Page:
Interview with Iowa Broadcaster Deene Ehlis

I recently had the privilege of sitting down with one of the best in the business in Iowa Cubs play-by-play broadcaster Deene Ehlis -- now in his 16th season in the Triple-A club's booth.

Inside The Ivy: Let's start by talking about who on this club impresses you the most. It's obviously been a disappointing year for this team, but who's the biggest standout in your opinion?

Deene Ehlis: I would say Ronny Cedeno. I know he's only been here a half-season because of his time in the big leagues. He's looked spectacular on defense, aside from a routine play here or there. He's got such great range. Offensively, he shows power and uses speed on the bases. Among the veteran players, Scott McClain had a slow start, but he kept coming out and playing the same whether he was 0-for-4 or 4-for-4. He's been a guy who at times has carried this team with power and driving in runs. He always seems to give the team a good at-bat. Then you have a guy like Calvin Murray, who was here last year. You learn to appreciate his defense and he, too, gives you a good at-bat every time. He always plays hard and runs down to first hard.

Inside The Ivy: Who do you imagine will be this team's MVP when the dust settles here in a few weeks?

Deene Ehlis: I'd pick McClain, just by the fact that he's the one guy in this lineup with legitimate power. I'm sure every team has tried to pitch around him at some point this season. He also makes good plays at third with the strong arm he has. He's a good leader. You never know if he's hot or cold, because he has such a good demeanor regardless.

Inside The Ivy: Were you surprised at all by the team's decision to release Trenidad Hubbard?

Deene Ehlis: I wasn't. You have to remember that Triple-A is all about development and getting young guys ready to play in the big leagues. It was all timing with Corey Patterson and Jason Dubois being sent here from Chicago. Trenidad knew he wasn't going to play that often. At the time, David Kelton was going to first base with Micah Hoffpauir back to Double-A. It's one of those crazy things, where even though he was leading the team in average, we had to let him go.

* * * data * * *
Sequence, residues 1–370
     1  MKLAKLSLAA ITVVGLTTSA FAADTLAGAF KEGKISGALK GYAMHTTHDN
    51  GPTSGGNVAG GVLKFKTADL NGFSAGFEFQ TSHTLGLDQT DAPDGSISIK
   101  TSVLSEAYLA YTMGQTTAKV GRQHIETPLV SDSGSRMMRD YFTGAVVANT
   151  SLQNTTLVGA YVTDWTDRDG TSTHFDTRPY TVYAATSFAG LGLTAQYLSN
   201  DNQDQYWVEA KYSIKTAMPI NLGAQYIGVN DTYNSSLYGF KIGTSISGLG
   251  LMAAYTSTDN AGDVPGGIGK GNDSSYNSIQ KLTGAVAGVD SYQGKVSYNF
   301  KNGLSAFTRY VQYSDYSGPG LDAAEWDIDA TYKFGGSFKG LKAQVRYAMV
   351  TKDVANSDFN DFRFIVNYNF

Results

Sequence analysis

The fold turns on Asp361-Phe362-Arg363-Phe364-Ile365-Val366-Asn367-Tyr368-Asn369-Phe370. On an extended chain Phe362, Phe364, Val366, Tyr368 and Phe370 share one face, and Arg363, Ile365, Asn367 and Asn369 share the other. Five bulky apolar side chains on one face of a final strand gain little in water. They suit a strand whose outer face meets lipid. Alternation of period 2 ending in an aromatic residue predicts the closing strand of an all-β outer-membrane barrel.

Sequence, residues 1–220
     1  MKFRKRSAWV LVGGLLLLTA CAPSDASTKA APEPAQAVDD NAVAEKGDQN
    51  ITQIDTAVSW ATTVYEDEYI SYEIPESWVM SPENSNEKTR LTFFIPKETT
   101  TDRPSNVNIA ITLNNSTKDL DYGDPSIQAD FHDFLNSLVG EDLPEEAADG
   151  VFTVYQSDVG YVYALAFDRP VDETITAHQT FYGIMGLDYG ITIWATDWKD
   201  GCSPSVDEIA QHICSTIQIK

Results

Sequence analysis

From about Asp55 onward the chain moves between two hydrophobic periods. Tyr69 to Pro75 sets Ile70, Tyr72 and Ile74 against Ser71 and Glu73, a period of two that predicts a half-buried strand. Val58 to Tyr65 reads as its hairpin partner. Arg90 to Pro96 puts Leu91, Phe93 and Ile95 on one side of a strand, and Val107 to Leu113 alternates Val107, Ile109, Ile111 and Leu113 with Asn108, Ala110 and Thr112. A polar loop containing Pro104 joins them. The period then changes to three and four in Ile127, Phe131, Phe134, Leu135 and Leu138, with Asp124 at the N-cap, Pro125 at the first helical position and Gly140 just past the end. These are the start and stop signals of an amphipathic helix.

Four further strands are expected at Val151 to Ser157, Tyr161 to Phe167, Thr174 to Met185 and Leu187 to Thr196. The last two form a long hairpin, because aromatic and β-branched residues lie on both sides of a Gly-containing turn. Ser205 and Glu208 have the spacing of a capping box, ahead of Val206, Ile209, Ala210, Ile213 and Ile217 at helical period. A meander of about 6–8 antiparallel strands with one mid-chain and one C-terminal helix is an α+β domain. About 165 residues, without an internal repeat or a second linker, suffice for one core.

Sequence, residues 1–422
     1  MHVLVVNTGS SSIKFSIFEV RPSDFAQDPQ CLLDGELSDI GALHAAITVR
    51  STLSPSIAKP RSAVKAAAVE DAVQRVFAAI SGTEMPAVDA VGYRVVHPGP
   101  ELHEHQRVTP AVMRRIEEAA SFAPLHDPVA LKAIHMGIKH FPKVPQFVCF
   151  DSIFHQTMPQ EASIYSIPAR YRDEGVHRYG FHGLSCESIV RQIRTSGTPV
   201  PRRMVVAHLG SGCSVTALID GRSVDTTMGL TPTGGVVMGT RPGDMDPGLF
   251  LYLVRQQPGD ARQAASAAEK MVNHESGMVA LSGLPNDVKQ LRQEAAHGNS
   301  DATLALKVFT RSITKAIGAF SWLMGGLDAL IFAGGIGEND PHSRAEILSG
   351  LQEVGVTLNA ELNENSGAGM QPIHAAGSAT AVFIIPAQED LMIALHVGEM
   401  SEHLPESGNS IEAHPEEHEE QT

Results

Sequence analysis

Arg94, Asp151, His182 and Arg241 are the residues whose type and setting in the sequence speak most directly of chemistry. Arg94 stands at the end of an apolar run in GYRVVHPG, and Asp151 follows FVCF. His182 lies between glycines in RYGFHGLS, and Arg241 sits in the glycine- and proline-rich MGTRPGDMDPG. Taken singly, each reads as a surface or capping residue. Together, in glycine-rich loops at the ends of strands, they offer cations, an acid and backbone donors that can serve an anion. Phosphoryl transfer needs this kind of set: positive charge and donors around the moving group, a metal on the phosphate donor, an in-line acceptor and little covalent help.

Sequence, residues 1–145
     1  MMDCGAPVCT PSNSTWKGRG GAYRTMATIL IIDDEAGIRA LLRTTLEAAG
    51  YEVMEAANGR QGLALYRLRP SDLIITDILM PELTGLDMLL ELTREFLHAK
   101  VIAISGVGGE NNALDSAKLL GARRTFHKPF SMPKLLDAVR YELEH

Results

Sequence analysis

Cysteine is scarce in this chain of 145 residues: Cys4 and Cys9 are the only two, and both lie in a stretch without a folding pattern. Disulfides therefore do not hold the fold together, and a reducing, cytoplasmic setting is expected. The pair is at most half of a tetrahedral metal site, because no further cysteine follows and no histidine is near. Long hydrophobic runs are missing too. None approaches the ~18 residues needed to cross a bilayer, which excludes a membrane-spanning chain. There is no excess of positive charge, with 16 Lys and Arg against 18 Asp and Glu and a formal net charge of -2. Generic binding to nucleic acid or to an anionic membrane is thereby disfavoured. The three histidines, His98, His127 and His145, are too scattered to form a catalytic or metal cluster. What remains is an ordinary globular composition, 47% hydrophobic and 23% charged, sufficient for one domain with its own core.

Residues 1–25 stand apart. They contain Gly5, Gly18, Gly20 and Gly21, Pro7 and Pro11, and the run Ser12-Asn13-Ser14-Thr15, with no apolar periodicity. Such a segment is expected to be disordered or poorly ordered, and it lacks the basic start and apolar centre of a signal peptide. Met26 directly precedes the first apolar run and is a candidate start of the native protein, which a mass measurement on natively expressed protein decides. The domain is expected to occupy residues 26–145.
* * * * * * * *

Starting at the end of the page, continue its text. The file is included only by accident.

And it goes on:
Inside The Ivy: Nate Frese has been an interesting comeback story this season, especially after the opening series in Albuquerque. How concerned were you the moment you'd learned he had blacked out?

Deene Ehlis: Oh, real concerned. I guess I've been around long enough to remember Hank Gathers, the Loyola basketball star, and all the different tragedies in sports. Things like that happen and they're very tragic. Of course, Nate is just another terrific guy and an Iowa kid at heart. The fans love him and it's a great story in regards to how he came back from last year. It was a real shock when he went down in Albuquerque. He just needs to play and get those at-bats.

Inside The Ivy: You mentioned Hank Gathers. What goes through a broadcaster's mind when a player goes down like that?

Deene Ehlis: It's odd, because you don't really know what to say. You sometimes never know for sure who it is that's down, or how serious it is. You never want it to sound like a tragedy in the making, but you have to report on what's going on. It's a tough situation and I guess you tend to forget about the game at the time and realize there's more to life than baseball. All kinds of thoughts go through your head about what's going on down there. Sometimes in the back of your mind, you're thinking the worst and hoping things are OK. You see medics go down there and it's just an odd situation. You don't want to be over-dramatic, but you try to do your best to report what you see.

Inside The Ivy: In your opinion, what was the cause of Renyel Pinto's control problems earlier this year?